How to help reduce the risk of stillbirth

A stillbirth is the birth of a baby who has died any time from 20 weeks in the pregnancy through to the due date of birth. The baby may have died during the pregnancy, or less commonly, during the birth.

Australia sadly holds one of the worst records in the developed world for stillbirth. It’s a national tragedy that’s nearly double the road toll.

Across the country, around 2,200 babies are stillborn every year. That’s six every day. 

Not all stillbirths are preventable but some are. Whilst many people are aware of the issue of stillbirth, a survey has found that there is a lack of understanding about how to reduce the risk.

How to help reduce the risk of stillbirth

There are three important things that can be done to help reduce the risk of stillbirth. By keeping these three things in mind, and doing your best to stick to them, you can greatly reduce the risk to your baby.

1. Go to sleep on your side after 28 weeks of pregnancy

Research shows that sleeping on your side instead of on your back after 28 weeks can halve the risk of stillbirth. After 28 weeks, sleeping on your back compresses major blood vessels and reduces the supply of blood to your womb, and oxygen to your baby.

It doesn’t matter if you sleep on your left or your right side, whichever you find more comfortable. If you wake on your back, don’t panic, just switch to your side again. Read more on how sleeping on your back increases the risk of stillbirth here.

2. Be aware of your baby’s movements

Research shows that over half of all women who had a stillbirth noticed that their baby’s movements had slowed down or stopped. You will generally start to feel your baby move between 16 and 24 weeks into your pregnancy, so that is the time to start being aware.

There is no set number or type of movements, so you should get to know your own baby’s unique pattern of movements. If you do notice any changes or differences, contact your maternity care professional immediately. Read how to get to know your baby’s movements here.

3. If you smoke, stop

Among the many health risks to your baby, smoking is a significant risk factor for stillbirth and miscarriage. Your midwife, GP, or obstetrician can offer advice on ways to give up. One of the best places to start is Quit. You can call their hotline on 13 78 48, and chat to supportive counsellors who will not make you feel guilty.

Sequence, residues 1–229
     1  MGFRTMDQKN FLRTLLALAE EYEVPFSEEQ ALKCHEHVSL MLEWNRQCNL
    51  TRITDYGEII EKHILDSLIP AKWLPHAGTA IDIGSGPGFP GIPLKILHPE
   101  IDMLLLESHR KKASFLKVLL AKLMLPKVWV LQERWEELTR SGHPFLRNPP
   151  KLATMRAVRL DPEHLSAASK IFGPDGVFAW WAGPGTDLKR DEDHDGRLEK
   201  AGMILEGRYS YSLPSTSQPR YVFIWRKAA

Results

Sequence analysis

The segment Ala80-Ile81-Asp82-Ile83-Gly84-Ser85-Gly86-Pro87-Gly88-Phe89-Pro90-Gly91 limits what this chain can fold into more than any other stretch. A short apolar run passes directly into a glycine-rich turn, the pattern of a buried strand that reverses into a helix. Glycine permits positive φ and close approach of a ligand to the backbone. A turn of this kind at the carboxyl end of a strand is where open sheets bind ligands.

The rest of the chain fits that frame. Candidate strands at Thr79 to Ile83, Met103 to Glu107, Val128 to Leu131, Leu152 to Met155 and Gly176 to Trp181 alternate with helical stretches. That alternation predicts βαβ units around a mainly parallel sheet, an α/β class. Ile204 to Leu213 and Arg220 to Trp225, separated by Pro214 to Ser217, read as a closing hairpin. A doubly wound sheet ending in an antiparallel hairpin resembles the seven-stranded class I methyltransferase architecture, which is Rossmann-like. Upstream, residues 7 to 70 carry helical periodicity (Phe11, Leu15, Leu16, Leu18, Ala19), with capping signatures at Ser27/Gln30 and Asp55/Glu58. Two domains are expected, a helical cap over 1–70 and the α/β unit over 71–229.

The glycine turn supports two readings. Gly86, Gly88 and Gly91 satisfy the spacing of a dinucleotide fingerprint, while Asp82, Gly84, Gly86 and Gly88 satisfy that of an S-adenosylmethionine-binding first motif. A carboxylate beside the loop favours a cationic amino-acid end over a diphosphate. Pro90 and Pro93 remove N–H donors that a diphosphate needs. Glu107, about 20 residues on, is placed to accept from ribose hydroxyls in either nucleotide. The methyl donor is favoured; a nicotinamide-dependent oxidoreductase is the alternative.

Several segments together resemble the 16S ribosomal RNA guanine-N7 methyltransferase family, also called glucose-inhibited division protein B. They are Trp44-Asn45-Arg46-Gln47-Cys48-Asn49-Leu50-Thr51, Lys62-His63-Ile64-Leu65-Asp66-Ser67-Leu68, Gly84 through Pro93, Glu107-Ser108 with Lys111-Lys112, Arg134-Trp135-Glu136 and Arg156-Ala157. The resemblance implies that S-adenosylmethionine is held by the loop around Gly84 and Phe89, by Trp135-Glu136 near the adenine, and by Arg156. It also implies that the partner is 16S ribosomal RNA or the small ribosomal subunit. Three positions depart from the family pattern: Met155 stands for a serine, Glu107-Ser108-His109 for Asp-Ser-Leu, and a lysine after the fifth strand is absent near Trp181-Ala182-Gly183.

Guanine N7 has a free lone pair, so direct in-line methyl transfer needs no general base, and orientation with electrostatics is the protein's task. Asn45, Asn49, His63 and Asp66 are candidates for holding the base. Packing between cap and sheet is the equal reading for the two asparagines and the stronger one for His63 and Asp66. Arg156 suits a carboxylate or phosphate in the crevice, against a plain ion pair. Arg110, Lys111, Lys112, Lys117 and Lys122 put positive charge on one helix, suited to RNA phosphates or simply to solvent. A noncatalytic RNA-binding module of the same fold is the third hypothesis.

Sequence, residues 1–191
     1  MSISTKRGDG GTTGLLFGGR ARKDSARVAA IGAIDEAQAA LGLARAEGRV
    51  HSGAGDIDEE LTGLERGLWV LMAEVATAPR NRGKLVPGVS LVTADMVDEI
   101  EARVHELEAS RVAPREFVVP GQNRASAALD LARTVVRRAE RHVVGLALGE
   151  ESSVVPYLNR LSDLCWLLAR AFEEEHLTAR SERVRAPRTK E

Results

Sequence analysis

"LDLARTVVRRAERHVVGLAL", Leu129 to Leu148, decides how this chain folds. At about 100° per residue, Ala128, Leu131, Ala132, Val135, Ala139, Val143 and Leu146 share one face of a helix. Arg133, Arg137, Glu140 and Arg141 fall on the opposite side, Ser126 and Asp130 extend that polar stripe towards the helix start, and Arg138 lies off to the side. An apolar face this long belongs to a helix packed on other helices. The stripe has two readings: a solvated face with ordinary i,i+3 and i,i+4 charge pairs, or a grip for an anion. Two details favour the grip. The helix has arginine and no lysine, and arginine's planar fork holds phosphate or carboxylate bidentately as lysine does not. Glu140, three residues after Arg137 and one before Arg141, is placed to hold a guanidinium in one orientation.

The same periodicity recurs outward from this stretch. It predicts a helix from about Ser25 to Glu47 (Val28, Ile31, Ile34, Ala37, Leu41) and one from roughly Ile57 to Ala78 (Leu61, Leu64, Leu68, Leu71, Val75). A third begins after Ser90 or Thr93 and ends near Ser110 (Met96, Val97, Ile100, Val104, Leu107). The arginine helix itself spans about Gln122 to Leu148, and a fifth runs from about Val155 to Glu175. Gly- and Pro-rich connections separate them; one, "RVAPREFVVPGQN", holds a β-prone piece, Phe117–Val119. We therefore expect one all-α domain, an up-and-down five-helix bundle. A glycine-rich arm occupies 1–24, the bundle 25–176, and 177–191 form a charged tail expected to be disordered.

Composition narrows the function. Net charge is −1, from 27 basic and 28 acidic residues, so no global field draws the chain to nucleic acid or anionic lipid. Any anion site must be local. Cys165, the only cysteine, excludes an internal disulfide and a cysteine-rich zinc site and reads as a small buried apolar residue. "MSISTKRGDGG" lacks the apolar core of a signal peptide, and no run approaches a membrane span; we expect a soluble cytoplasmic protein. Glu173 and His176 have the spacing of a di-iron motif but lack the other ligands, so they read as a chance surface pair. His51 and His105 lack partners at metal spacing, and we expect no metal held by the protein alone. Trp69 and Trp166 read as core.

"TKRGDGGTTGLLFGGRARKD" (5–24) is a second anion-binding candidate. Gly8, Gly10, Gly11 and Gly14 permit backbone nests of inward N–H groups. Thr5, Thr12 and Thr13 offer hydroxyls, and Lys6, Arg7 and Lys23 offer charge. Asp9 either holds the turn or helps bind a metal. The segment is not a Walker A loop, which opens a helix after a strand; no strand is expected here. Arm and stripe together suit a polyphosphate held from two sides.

Also avoid being around other people’s cigarette smoke. If your partner smokes, they should quit. Making sure that pregnant women aren’t exposed to second-hand smoke is important to reduce the risk of stillbirth. Read more on the effects of smoking during pregnancy here.

Together, Australians can reduce the risk

Stillbirth is Australia’s hidden health crisis. The attached stigma is stopping people from sharing important information, so if we can end the silence, more and more people will become aware of these important three steps to minimise the risk.

A good place to get the conversation going is by sharing this article with families. If the pregnant women we know are saying that something doesn’t seem right with their baby or the pregnancy, we need to remind them to trust their instincts. We have to stop the unhelpful narrative about mothers being emotional and worrying too much, as well as the myths about ways to ‘wake’ their baby up in utero instead of contacting medical professionals.

For more information and support, contact Red Nose, SANDS (miscarriage, stillbirth & newborn death support), Stillbirth Foundation, or Stillbirth Centre of Research Excellence.

 

 

 

https://rednose.org.au/ https://www.sands.org.au/ https://www.sands.org.au/ https://www.stillbirthcre.org.au/ https://preventstillbirth.org.au/

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